ROME (Sunday, May 1, 2011) – Even before the sun had risen, the crowd attending the beatification of Pope John Paul II had overfilled the square around the St. Peter’s basilica. By the time dawn broke, the faithful had spilled down the road towards the Tiber and into the side streets around the Vatican, where the ceremony — the first major milestone towards sainthood — was set to take place.
Many had spent the night, in tents or on blankets spread over the cobblestones. More than a million had risen early Sunday morning in order to join in the veneration of a larger-than-life Polish pope, who many felt had personally touched their lives. “I felt, when he was alive, that if I met him on the street, he would know my name,” said Danuta Kowalik, 36, a teacher who had driven from Poland for the occasion.
As the hour approached, the air above the crowd waved with flags: Mexican, Slovakian, French, Cuban, Lithuanian, but most of all Polish. “The entire world his here,” said one Ecuadorian pilgrim. Kowalik and her group of Polish Catholics had risen at 2 a.m. and driven through the dark in order to get to Rome on time. “In every gas station [on the three-day journey down through Italy], everybody was speaking Polish,” she said.
On the outskirts of the crowd, pilgrims sat down for picnics. Children tucked into biscuits and Nutella. An Italian priest led a group of worshipers through Ave Marias. Elizabeth Langenkamp, a 20-year-old sophomore at the Franciscan University in Steubenville in Ohio, had traveled from Austria, where she was studying for the semester at the university’s overseas branch. She had come to Rome with her class after the school had rescheduled the finals to allow for the trip. “It’s important to us and for the world to recognize the great man that he was,” she said.
Pilgrims held up their cameras as Pope Benedict XVI arrived by open-top popemobile and ascended to the altar. The timing makes John Paul’s beatification the fastest in modern times, initiated just days — instead of the customary years — after his death in 2005, from Parkinson’s disease, when millions gathered outside the Vatican to chant “Santo Subito” — “Sainthood Now.”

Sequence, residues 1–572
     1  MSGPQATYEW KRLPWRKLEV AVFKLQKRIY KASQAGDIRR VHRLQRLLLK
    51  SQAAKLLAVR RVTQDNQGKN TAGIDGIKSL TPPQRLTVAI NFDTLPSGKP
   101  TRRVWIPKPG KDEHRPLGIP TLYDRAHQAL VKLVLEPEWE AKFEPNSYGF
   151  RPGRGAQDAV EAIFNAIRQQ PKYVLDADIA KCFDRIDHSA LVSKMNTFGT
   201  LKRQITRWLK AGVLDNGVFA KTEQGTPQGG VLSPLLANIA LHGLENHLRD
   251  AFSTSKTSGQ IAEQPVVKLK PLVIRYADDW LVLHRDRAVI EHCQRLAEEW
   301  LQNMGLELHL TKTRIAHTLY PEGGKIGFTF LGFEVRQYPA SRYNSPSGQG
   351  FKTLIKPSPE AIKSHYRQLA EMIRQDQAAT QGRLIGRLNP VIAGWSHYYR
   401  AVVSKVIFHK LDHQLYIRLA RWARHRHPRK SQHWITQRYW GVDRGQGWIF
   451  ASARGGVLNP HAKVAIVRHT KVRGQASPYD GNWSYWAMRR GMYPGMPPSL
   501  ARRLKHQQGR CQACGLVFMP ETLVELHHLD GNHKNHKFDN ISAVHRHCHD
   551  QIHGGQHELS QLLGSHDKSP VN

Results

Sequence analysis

Though John Paul remains the most popular pontiff in recent times, and perhaps even church history, some have questioned the speed with which he is being moved towards sainthood — particularly in the light of his handling of the sex abuse crisis, which unfolded during his papacy. But few were in attendance Sunday. “If the Lord had not wanted him beatified now, he would not have granted the miracle,” said Carl Anderson, head of U.S.-based the Knights of Columbus, a Catholic lay organization. Before John Paul could be beatified, a miracle had to be attributed to him. In January, Benedict announced that the recovery of a French nun, who had lost her symptoms of Parkinson’s disease after praying to the late Pope, satisfied that condition.
On Sunday, the passion from the day of the funeral came close to repeating itself as Benedict pronounced the late Pope “blessed” and a curtain was lifted to reveal a tapestry with a portrait of John Paul in his prime, smiling at the height of his papacy. “He restored to Christianity its true face as a religion of hope,” said Benedict. As the ceremony came to a close, a vial of his blood — taken from a nearby hospital where it had been kept since his death — was presented, wrapped in a lattice work of silver olive leaves, as a relic to be venerated. His body, exhumed days earlier, lay in a casket inside the cathedral for the faithful to file past. “Look at the crowd today, so many young people,” said Anderson. “That’s why he’s being beatified now, so that more people would follow his example.”
Before John Paul can be canonized as a saint, the church will have to document one more miracle. But for many in attendance Sunday, the late pope’s sanctity is already beyond doubt. “It was through his agony, that we rediscovered God,” said Anne Elaine, 42, a French woman who says her family’s catholic faith was reawakened during John Paul’s final hours. Added her husband Xavier, 42: “It was his way of showing dignity in suffering.” By: Stephan Faris (Rome) TIME